Breakfast this morning, Richard, the house cook, presented platters of papaya, mango, bananas and poached eggs on toast. Coffee and passion fruit juice rounded out a perfect beginning to the day. The system here is to give Richard money for shopping and to discuss meal preferences with him. We are told that he is the best cook on the island. Later this morning, friends of my son and daughter-in-law arrive with their two young children – perhaps a minimal shattering of peace is in the offing.

The contrast between here on the Indian Ocean and the Masai Mara that we left Thursday could not be more dramatic. I like Kenya! I like Lamu Island. I like the donkeys (even though they brayed throughout the night sounding at times like a demented woman – thoughts of Wuthering Heights came to mind) - there is a British funded sanctuary for the donkeys on the island, they are the transportation, and free vet care is provided. I like the well fed cats that hang around where the fishing boats land and the eclectic mix of people we have met so far. Cool Dude, a fourth generation native, speaks perfect English and works seasonally as a wind surf instructor and all round facilitator of “things to do and get things done”. Yesterday being Friday, he was wearing a long white collarless shirt indicating he told us “that I’ve been to the mosque”. Today he dropped in at breakfast time in shorts and T-shirt, very much a hip young thing leaving us with what I think was the Swahili equivalent of a casual, “Ciao baby” and a snap of his fingers. Betty, who will come to the house to give massages, manicures and pedicures. Monika, native-born Dutch who has lived on the island for 12 years now and has a guesthouse and yoga studio – all make me revive early dreams of opting out of the real world in search of my own paradise.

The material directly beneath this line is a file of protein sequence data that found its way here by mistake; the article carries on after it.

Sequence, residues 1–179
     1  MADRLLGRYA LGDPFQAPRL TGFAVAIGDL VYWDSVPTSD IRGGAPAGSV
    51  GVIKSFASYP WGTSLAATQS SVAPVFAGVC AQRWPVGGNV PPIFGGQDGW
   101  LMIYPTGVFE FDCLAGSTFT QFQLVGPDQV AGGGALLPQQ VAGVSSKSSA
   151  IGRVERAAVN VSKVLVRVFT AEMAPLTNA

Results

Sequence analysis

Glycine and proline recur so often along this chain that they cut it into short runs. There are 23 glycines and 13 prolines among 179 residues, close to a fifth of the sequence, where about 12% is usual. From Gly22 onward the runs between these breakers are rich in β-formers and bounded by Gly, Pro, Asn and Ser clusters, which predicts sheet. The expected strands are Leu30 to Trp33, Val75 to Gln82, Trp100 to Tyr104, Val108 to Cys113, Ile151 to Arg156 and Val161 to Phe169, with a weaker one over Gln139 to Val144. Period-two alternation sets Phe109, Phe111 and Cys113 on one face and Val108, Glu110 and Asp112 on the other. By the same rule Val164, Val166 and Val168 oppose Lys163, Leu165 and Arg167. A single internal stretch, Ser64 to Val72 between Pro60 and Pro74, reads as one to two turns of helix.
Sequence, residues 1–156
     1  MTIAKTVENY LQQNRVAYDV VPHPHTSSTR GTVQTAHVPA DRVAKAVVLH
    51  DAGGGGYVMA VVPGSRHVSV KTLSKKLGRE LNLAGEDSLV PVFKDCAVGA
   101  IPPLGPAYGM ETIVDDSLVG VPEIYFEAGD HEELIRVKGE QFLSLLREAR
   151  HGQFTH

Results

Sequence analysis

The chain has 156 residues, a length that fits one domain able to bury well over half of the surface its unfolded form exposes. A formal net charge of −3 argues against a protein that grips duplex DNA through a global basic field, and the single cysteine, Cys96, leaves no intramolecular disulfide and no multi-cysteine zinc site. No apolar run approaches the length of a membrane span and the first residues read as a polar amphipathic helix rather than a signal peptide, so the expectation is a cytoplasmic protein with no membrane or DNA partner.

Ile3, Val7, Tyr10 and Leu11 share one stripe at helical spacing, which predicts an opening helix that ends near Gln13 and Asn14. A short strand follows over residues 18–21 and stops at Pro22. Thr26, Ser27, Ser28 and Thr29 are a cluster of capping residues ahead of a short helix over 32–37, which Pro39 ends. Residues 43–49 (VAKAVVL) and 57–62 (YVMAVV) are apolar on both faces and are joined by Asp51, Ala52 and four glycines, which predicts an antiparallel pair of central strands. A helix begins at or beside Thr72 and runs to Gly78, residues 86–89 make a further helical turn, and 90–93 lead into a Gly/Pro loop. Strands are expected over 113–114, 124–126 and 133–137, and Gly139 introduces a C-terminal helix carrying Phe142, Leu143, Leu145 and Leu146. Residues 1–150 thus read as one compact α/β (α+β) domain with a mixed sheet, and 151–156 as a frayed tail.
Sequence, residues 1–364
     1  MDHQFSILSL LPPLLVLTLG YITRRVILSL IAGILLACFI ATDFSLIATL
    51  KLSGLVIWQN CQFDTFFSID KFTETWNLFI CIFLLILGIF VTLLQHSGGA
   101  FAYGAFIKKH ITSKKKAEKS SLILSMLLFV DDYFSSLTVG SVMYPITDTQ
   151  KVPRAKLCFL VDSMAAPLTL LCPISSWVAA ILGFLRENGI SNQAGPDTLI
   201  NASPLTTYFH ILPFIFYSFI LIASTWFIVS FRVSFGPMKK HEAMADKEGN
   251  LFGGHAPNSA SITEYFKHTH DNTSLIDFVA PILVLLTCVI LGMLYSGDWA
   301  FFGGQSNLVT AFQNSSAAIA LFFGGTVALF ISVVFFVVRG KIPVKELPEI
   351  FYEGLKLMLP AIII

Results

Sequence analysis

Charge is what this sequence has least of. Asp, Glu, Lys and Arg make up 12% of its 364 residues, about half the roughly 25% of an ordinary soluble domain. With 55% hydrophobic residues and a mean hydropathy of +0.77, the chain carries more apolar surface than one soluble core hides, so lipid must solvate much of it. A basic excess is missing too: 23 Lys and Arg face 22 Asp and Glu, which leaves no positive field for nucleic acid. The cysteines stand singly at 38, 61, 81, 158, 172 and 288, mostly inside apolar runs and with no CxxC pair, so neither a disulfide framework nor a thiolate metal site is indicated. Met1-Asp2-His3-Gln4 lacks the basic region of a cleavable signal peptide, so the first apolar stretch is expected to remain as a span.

We booked Jasmine House through ~ $200 a day includes cook and housekeeping. Airkenya and 540 (billed as Africa’s Budget Airline) both fly into Manda Airstrip on the mainland. Lamu itself is only accessible by boat. There are no cars on the island.